Homebuilders getting creative by offering perks to sell houses

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The economy is making it more difficult for homebuilders to attract buyers, but that doesn’t mean they have given up.

“This is what I wanted to do and I could see a huge potential not only for the lifestyle, but the value of the property,” David Buck said.

Buck and his wife Marsha are living at Encanterra, a trilogy country club in San Tan Valley, Arizona. It is a master-planned community developed by Shea Homes.

“I liked the idea of a green lifestyle,” Marsha Buck says. “I liked the idea having solar and I liked the idea of off-setting those electricity bills.”

The green movement was just one amenity the Buck's liked about their new community. The room views, an outside patio and something called the “Smart Space” were also draws.

“We have our security, computers and modems,” Marsha said. “It's set-up as an office for us.”

But the house wasn't the only investing the couple wanted to do at Encanterra. “I liked moving into a new community because people are very anxious to develop relationships,” Marsha continues.

“Their investing in a lifestyle and the home almost becomes secondary in the equation,” Hal Looney says.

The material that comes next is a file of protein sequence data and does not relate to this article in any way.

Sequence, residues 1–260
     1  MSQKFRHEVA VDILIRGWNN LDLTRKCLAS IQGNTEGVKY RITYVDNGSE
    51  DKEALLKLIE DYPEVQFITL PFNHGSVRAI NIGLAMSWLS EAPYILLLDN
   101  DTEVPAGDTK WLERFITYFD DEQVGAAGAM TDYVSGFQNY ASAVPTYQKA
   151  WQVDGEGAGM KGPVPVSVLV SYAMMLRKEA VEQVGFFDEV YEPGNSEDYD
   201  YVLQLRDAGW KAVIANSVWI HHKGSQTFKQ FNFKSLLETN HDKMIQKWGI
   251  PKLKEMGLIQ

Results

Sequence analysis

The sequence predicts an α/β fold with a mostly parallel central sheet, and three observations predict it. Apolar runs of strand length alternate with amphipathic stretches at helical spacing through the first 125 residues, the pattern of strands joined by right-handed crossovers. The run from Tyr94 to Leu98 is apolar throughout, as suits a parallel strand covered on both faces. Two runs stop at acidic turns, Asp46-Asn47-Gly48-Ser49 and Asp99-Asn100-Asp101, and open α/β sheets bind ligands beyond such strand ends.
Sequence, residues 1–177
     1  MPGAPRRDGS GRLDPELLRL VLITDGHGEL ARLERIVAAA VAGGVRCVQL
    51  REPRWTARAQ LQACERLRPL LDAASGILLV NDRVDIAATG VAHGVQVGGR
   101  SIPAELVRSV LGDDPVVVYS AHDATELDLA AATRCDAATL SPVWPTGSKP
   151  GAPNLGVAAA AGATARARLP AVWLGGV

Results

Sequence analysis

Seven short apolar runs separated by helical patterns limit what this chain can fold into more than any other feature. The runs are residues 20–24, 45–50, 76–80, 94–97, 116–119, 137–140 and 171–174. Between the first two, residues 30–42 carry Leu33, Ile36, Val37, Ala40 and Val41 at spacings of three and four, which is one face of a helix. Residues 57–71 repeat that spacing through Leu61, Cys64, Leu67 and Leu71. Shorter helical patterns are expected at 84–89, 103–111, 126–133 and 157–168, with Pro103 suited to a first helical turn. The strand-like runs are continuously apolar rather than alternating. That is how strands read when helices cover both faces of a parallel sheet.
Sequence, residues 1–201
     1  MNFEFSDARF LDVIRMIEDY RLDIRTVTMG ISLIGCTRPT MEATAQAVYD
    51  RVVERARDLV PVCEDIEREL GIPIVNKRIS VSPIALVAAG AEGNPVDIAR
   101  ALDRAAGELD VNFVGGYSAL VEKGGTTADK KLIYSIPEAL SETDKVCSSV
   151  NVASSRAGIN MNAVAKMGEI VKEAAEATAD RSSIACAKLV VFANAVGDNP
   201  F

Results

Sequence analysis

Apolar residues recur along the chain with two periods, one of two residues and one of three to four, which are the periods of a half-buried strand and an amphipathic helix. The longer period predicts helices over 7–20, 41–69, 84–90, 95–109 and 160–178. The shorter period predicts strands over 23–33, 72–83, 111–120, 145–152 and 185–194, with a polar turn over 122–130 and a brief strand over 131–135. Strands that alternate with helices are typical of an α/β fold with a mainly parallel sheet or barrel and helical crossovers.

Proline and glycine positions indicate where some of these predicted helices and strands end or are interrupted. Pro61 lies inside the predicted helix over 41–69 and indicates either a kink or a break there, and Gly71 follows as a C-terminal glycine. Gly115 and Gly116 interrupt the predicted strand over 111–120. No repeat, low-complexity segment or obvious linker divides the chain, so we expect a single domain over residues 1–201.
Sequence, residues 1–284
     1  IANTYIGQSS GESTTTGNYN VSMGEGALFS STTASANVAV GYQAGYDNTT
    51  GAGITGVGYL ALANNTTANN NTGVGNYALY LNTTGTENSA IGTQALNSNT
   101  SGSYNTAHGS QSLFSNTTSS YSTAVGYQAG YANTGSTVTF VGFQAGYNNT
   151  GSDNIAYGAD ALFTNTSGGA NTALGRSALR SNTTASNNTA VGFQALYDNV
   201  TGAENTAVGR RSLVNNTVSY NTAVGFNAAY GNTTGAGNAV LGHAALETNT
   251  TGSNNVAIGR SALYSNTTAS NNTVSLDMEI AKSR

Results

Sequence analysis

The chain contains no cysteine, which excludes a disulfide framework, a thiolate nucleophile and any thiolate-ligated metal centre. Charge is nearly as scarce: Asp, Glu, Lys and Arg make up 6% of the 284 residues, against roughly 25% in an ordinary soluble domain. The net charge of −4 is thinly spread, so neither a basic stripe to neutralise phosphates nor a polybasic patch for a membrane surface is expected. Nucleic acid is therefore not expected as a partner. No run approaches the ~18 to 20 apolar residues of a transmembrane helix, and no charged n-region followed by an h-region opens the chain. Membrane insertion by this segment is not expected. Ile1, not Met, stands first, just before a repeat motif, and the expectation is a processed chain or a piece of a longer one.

Looney is the area president of Shea Homes Active Lifestyle Communities. The company is trying to attract buyers in a bad market with its emphasis on lifestyle. The green movement and its clubhouse [La Casa] for the community to gather are two of the selling points.

“All of us have had a challenge in this market and Shea is not immune to that,” Looney explains. “I think with our history it's giving us the ability to sustain the weather and these types of situations.”

“Master-planned communities overall in the market, I believe have about a 50 percent share of the market.” Mike Trailor says. “So I think what you get with them, that you don't in the general housing market, is a sense of community and sense of place.”

Trailor is the Arizona Department of Housing Director. He says no matter what you buy in this market, whether it is a foreclosure or a brand new home, being able to keep up the payments is key.

“Do not buy beyond your means that would be the best advice I could give you,” Trailor says. “And then you have to look at what your lifestyle issues are and the part of town you want to live in and where the jobs are.”

As for the Buck’s, they bought into the "lifestyle" being touted in their master-planned community.

“Just don't cross it off for something you can't swing because you can make this work for you,” David Buck says. “All you do is plan.”